Bias Against Boys

29 Oct

I feel like I’ve always been very progressive and open-minded in the way I raise my kids, but something happened recently that really disturbed me.  In fact, it completely shocked me and stopped me dead in my tracks.

My son asked me to paint his nails.

No, it wasn’t the fact that he wanted his nails painted that shocked me, it was the fact that when he asked me, I hesitated.  I didn’t come right out and say, “Sure, honey, sit up there next to your sister and I’ll do yours too.”  I, who consider myself to be so tolerant that I don’t even like using the word “tolerant” because it implies having to tolerate something (which to me, has negative connotations), hesitated because getting a manicure felt like something boys don’t do.

I have to admit, I was kind of disgusted with myself.  I’ve never had any problems letting my son play with toys that are considered “girly,” and fortunately, my husband is not the macho sort to have a problem with that, either.

I’ve never been the kind of parent – or person – to impose gender stereotypes on my children, or any children.  My son wanted a pink ball once, he got it.  A glittery unicorn?  No problem.  Try on his sister’s hairbows?  Sure, why not.  He also loves dinosaurs, his fire trucks, and sword-fighting.  So does his sister.

But this nail-painting incident made me realize that all of us, even me, are pretty biased towards boys, particularly little boys.

No, you might say, it’s always been girls that haven’t gotten a fair shake.  Haven’t you ever heard of women’s lib??

But think about it – most people I know would never think of telling their daughters, “No, you can’t play with those cars” or “No, pants are only for boys” or “No, you can’t be a fireman for Halloween.”

But that bias is exactly what some people impose on little boys who want to play with dolls, or watch a Barbie show, or…paint their nails like their sister.  We tell them that they are not allowed to explore certain little-kid things, because we as adults have too many hang-ups about it.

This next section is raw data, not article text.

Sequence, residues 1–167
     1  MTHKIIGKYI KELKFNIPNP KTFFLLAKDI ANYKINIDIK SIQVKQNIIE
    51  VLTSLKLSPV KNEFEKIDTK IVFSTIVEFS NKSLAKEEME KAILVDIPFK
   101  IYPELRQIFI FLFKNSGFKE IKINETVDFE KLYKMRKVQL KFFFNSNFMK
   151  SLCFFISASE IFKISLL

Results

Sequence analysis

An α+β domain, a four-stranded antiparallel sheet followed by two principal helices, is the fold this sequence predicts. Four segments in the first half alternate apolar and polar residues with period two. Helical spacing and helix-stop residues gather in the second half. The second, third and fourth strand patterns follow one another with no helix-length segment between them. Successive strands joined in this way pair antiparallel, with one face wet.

I truly believe that when you’re a little kid, colors are just colors, toys are just toys, and putting paint on your nails is just plain fun.

I haven’t painted my son’s nails…yet.  But the next time he asks, I know what my answer will be.


3 Responses to “Bias Against Boys”

  1. Stephanie October 29, 2010 at 6:31 pm #

    Interesting, Jen. Hey, I bought Hagen a little Ariel doll one time because he wanted it. It didn’t cross my mind that he wanted to BE her, or dress like her or anything; the kid likes and appreciates pretty girls!! 🙂 I might feel weird painting his nails if he were going to school, but for fun…who cares! I can see where you would have been a little sidelined by that!

  2. Jen October 29, 2010 at 6:44 pm #

    Yeah Steph, I can see what you mean about not wanting to paint his nails if he’s going to school – I would hate to cause him ridicule!

    For me, there’s just something so unsettling about telling your child they can’t do something just because of their gender – except when I tell my daughter she can’t pee in the backyard!!!

  3. Lisa Martin October 29, 2010 at 7:06 pm #

    My 5-year-old son hasn’t asked me to do that…yet. I’d probably hesitate more because of his dad (who probably quite as progressive as Nate’s). We have the opposite problem with Chip right now. He wants nothing to do with “girl stuff.” So I’m trying to point out that boys can play with dolls and the color pink (which up until the 1930s was associated with boys rather than girls) isn’t like Kryptonite! Sigh.

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